In-home care services come in many forms. They can range from simple Companion Care to Skilled Nursing. They can also be requested for a couple of hours a week up to live-ins or 24-hour shifts.
When it comes to 24-hour home care for a loved one, there are several things to consider.
The first step is to understand the definitions associated among hourly in-home care, live-ins and 24-hour shifts.
Hourly in-home care
Hourly in-home care is fairly straightforward. We provide coverage for the days and number of hours of in-home assistance you need, such as Monday and Thursday from 11 to 3, or seven days a week from 8 to 5, or 24/7 support in extensive-care cases. Home care agencies typically charge hourly rates for these services.
Live-ins are a service arrangement through which a caregiver resides at the client’s home for the duration of the home-care assignment. They are useful for clients who need extensive care or company, but do not require constant attention.
From a cost perspective, live-ins can be significantly less expensive than continuous 24-hour care, because wages do not need to be paid for agreed time off.
For a work arrangement to legally qualify as a live-in, caregivers must get a minimum of 8 hours of sleep time per night, with a guaranteed minimum of 5 hours of uninterrupted sleep.
Home care agencies typically charge a flat fee per day for live-ins. They help you determine how many “working hours” you are entitled to per day, which is then formalized in documents signed by the agency, the client and the caregiver in order to strictly comply with labor regulations.
Most companies assume a daily amount of working time between 10 and 14 hours. Hourly charges may apply for any work performed within a given day in excess of the assumed amounts established in a service plan.
Important: live-ins are not a universal solution for all clients who need extensive in-home care. For clients who need constant support and cannot be left alone, the only safe option is continuous care performed round the clock by teams of caregivers, each of them covering individual shifts of 8 or 12 hours.
Live-ins are governed by relatively complex labor regulations that must be carefully observed by employers and employees. If you are considering a live-in, please schedule a call with or visit by one of our specialists, and request our Live-In Fact Sheet prior to that conversation. It is a useful document that summarizes relevant regulations, clarifies a few myths commonly assumed about live-in norms, and offers links to important norms published by the Department of Labor.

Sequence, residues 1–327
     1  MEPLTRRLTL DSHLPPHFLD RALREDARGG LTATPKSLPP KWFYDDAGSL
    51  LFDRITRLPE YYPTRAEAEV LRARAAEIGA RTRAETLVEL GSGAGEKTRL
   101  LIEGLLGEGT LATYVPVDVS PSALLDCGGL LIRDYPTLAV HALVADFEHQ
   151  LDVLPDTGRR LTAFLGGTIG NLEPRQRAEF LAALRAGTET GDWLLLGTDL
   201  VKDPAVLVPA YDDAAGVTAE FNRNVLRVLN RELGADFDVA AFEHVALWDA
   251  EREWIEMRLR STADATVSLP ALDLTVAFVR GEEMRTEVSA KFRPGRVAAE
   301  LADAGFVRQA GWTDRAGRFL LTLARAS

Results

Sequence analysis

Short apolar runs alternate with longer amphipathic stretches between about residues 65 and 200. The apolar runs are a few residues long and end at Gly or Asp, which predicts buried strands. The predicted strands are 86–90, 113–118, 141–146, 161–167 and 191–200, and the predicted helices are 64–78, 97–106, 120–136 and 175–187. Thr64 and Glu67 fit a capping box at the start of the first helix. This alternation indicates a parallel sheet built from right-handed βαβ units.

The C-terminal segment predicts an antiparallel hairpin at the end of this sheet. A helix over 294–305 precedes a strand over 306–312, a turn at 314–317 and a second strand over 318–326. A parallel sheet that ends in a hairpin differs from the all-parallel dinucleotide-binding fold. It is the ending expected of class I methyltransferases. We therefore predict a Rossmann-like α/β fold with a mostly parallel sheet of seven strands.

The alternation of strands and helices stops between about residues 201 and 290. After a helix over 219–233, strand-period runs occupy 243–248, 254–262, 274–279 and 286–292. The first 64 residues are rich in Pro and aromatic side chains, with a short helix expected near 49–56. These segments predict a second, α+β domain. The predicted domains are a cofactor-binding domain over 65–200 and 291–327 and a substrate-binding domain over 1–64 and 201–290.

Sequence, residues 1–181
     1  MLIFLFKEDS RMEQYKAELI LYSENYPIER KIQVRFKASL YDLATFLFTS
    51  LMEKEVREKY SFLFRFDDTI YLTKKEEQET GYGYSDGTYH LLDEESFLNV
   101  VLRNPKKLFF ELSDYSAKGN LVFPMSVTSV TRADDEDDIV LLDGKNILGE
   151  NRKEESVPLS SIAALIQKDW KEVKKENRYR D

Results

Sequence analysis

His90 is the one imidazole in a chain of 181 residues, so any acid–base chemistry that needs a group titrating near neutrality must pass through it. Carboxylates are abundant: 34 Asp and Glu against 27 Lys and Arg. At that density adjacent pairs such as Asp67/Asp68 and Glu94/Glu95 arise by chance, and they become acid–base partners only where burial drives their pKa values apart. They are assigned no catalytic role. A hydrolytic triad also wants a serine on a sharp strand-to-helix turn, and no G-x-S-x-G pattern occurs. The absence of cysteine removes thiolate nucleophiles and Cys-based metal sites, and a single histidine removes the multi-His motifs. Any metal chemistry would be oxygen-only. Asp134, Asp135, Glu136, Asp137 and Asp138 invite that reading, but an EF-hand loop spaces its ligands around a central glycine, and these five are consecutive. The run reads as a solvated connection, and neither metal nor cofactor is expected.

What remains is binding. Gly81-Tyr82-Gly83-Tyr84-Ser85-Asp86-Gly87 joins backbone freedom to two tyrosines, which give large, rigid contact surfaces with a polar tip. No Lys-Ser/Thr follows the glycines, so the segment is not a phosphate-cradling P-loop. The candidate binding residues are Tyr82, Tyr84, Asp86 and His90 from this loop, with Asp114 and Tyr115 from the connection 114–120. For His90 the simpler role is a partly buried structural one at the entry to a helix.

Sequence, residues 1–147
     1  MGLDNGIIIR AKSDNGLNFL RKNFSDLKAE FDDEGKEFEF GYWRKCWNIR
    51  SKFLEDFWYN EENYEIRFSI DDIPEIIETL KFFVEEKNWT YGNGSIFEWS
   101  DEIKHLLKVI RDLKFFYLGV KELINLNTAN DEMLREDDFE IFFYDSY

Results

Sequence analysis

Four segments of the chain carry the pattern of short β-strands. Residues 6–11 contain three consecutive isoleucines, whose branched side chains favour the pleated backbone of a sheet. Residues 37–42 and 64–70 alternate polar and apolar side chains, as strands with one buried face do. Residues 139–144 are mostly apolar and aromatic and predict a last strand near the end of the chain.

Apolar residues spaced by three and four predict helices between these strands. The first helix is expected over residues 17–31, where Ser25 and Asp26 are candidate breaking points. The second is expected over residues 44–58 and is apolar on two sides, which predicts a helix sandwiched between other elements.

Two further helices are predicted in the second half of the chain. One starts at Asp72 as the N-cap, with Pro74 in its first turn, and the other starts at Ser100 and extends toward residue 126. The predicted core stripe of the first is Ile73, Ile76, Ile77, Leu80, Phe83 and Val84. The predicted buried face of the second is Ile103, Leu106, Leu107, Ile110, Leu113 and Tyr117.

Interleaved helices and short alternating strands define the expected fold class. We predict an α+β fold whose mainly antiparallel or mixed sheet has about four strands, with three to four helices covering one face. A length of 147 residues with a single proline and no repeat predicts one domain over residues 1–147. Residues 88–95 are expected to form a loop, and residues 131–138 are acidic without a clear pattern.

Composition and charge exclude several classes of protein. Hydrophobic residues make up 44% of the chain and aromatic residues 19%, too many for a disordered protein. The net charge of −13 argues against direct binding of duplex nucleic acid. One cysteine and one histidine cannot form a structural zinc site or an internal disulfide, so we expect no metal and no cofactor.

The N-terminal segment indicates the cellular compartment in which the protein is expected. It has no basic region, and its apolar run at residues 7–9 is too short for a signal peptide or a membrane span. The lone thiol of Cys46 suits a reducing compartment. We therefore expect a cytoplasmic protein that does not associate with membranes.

24-hour shifts are commonly used when extensive care is necessary only for a few days a week, or to cover weekly breaks of a live-in caregiver. They follow a logic and regulatory framework that are similar to a live-in’s.
Caregivers working in 24-hour shifts must be assured a private space to sleep for up to eight hours during their shifts, and those hours may be discounted from the total fees due. Agencies may charge either a flat fee for the shift or hourly rates.
24-hour shifts only are recommended under a few circumstances, the most common of which being the temporary replacement of live-in caregivers.
Some users of extensive home care services, after considering the total costs involved, decide to hire caregivers directly or through a registry. This is a legitimate and common concern, since in-home care costs may quickly add up to a family’s total healthcare expenditures and represent a significant financial burden.
If you hire a caregiver directly, you are responsible for all direct and indirect hiring costs, taxes and applicable insurances, in addition to selecting your aide, establishing a contract and defining a care plan. If you choose not to acquire insurance policies related to the caregiver’s work, then you may be liable in a case of injury or accident.
A registry is another kind of company providing home care services. As with an agency, it must be licensed by the state’s Department of Health. But there are important differences.
Under the agency legal framework, caregivers are employees (W-2 employment model), are bonded and insured, and must follow several mandatory legal requirements. Very importantly, an agency must hold liability and workers’ compensation insurances, among others, and check its employees’ criminal backgrounds, provide training and comply with a long list of legal requirements. Please check the pertinent sections of our website to learn more about caregiver-selection and training standards within Assisting Hands.
In a registry, legal requirements are less strict, and it essentially operates as a staffing firm. A registry’s caregivers are contractors (1099 employment model), and the client is ultimately responsible for t payment of taxes and insurance costs. It is a very different business model from an agency’s. Additionally, a registry is not responsible to replace an underperforming or missing caregiver.
Consumers should take several process- and regulation-related aspects of service provision into account, as well as potential risks, when choosing across these different service options.
We understand this is a lot of information and legal details to consider. If you are seeking In Home Care in Philadelphia or In Home Care in Montgomery County please call for a no cost or obligation consultation at 215-882-8234.